RIM shares plunged 9.1 per cent on Monday after the company announced that its chief operating officer, Thorsten Heins, will take over from co-CEOs Jim Balsillie and Mike Lazaridis, who remain as directors.
Heins said he's certain of RIM's future as a key player in the smartphone market, despite analyst concerns that BlackBerrys have fallen dangerously far behind their Apple and Android competitors.
"I want us to have a bit more of an ear toward the consumer market and understand trends — and not just do what the Street is telling (us)," Heins told analysts during a conference call to announce his plans for the company.
But he signalled that the Waterloo, Ont., company isn't changing its course.
"I don't think that there is a drastic change needed."
However, shares in Research In Motion dropped 9.1 per cent, or $1.57, to close at $15.67 Monday on the Toronto Stock Exchange.
Activist shareholders expressed disappointment with the changes at the top.
"The market is voting with its feet," said Vic Alboini, president of Jaguar Financial Corp. in Toronto, which has been pushing for a change in the board structure for several months.
Alboini, one of a group of like-minded shareholders who collectively own more than 10 per cent of RIM's stock, said the change in CEO doesn't go far enough. He repeated his call for a complete strategic review that would consider every option, including a sale of the company or part of it.
"Overall the news is negative, unfortunately, because they're keeping the two co-CEOs on the board," Alboini said from Toronto.
"The last thing you want to do is surround a new CEO from whom you want fresh thinking, independent initiatives ... with the history of RIM captured in the two co-founders sitting at the boardroom table."
Alboini, who has been among RIM's most vocal and influential critics, called the new CEO and board members a "transitional team," saying they will have only months to bring about needed results.
RIM's new CEO addressed analysts Monday morning after the company announced late Sunday that Heins would replace Balsillie and Lazaridis.
The move is an attempt to pull the troubled company out of a years-long slump but Heins didn't announce any major change in direction.
"This is not a seismic change," Heins said, in response to a question during the conference call.
But Heins said that one of the areas where RIM will make noticeable changes is in marketing to consumers, particularly in the United States.
"We need to be more marketing driven. We need to be more consumer oriented," he said. "This is where a lot of our growth is coming from."
Evercore Partners analyst Alkesh Shah said RIM has to come out with smartphones that create a buzz.
"They have to get people proud to own a BlackBerry in the U.S.," Shah said from New York.
"Mr. Heins may be able to do that, but his background doesn't show that he has experience doing that."
RIM now has only about 10 per cent of U.S. market share and despite being known for its high level of security and ability to push email directly into BlackBerrys, consumers have been opting for more Internet friendly smartphones with an emphasis on software applications.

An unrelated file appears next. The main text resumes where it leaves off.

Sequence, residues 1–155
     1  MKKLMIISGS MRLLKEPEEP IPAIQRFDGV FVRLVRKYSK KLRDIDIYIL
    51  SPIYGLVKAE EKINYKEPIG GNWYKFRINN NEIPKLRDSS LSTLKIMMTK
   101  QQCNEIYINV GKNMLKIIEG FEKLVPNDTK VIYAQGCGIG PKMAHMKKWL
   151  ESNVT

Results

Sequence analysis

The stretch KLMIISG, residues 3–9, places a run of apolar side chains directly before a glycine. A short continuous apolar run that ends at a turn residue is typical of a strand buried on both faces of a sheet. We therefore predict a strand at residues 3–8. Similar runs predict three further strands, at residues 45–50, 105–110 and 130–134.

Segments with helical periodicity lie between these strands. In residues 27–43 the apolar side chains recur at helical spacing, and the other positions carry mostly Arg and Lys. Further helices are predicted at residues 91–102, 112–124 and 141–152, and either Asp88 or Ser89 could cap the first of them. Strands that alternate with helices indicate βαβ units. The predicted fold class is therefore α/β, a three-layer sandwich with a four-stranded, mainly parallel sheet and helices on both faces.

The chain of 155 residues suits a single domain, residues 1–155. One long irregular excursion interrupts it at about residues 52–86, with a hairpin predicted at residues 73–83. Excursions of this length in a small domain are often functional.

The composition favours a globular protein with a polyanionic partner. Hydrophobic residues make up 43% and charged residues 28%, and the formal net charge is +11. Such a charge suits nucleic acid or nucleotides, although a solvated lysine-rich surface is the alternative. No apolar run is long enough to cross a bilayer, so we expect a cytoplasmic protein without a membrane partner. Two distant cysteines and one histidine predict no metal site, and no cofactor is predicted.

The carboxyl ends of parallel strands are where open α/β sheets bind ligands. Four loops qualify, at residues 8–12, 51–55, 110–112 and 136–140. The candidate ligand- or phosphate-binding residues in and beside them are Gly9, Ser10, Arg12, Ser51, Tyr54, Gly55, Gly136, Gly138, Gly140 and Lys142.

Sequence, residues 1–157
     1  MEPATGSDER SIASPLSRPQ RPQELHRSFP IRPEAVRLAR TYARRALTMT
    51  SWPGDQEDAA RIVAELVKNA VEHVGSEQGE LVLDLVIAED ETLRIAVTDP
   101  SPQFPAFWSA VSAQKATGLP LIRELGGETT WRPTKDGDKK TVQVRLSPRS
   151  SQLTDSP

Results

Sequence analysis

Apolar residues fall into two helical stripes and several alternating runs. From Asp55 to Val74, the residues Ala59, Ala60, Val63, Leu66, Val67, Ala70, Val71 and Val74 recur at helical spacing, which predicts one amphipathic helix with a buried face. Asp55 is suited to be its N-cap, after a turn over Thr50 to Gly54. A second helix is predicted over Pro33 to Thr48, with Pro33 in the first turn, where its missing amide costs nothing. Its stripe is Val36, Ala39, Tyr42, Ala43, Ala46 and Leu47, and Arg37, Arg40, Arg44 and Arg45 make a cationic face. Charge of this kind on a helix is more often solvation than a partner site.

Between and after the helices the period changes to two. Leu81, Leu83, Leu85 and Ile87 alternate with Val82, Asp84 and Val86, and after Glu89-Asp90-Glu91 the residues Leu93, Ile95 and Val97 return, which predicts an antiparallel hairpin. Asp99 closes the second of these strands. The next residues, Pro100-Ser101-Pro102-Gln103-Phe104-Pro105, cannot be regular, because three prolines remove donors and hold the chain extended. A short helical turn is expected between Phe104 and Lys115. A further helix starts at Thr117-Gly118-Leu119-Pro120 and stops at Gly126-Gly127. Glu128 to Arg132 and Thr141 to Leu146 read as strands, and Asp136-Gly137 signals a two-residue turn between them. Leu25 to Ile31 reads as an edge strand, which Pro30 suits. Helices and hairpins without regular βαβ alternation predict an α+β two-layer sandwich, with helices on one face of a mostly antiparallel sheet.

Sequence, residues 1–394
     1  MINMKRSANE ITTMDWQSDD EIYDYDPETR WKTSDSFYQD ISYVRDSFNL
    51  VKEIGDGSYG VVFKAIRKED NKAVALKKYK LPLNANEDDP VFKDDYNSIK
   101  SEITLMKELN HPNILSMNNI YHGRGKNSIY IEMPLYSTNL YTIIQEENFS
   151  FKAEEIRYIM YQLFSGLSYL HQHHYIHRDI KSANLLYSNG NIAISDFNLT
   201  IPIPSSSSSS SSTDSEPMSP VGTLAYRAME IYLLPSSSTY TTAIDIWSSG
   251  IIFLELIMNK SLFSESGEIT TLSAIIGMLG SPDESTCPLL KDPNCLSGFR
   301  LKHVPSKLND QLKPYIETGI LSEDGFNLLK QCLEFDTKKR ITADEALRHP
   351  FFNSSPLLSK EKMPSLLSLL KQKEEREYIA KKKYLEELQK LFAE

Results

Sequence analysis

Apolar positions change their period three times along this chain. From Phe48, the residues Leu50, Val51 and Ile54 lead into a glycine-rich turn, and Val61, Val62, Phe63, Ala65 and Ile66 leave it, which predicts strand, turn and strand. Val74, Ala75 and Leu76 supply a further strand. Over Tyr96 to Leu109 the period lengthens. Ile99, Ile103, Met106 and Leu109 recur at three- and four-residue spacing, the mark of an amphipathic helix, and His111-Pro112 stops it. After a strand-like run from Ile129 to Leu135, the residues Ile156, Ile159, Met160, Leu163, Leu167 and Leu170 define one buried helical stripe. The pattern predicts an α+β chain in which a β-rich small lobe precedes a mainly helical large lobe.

RIM needs to hire a marketing chief, a position that Balsillie held, who's perceived as "creating interesting, exciting devices," Shah said, perhaps someone who would come over from Apple, Google or Samsung.
Once one of Canada's most valuable companies, RIM has seen its fortunes plunge over the last few years as it lost market share to competitors such as Apple's iPhone and iPad and devices using Google's Android platform.
RIM's problems have been made worse by disappointing sales of its PlayBook tablet and a global four-day service outage for its BlackBerry service. The company, particularly Balsillie, has countered that sales of its latest BlackBerry smartphones hit a record pace after their launch last year.
Nevertheless, delays in launching the original PlayBook tablet last year and its successor — plus a delay in the BlackBerry 10 until later this year — have weighed heavily on RIM's reputation.
RIM's stock was once so highly priced as to briefly elevate it to Canada's most valuable company, worth more than $70 billion. Its market capitalization stands now around $9 billion.
While Balsillie and Lazaridis have left day-to-day operations, they both still remain on RIM's board and will have influence through their large ownership stakes.
William Blair & Co. analyst Anil Doradla questioned whether Heins will be truly independent.
"Is there going to be an invisible hand?" he said. "The story that the new CEO highlighted was not very convincing."
UBS analyst Phillip Huang said it will require more than change in RIM's top executive ranks to alter the course of the company.
"While we think this is a small step in the right direction, we are surprised RIM has decided to go with an operations minded insider, especially since we consider the challenges tied more to strategy," Huang wrote in a research note.
"We don't believe these announcements will produce much change in the short medium term, and much will depend on the success of BlackBerry 10," he said, referring to a new generation of BlackBerrys expected out later this year.
Edward Jones technology analyst Bill Kreher said RIM's challenges don't end with the appoint of a new CEO because the company's strategy is largely unchanged.
"And RIM will continue to struggle in a very intense market," Kreher said from St. Louis, Mo.
Also on Monday, Ottawa-based Wi-LAN Inc. (TSX:WIN) said it launched a patent suit against RIM in a U.S. district court in Florida claiming the company is infringing on two patents it owns.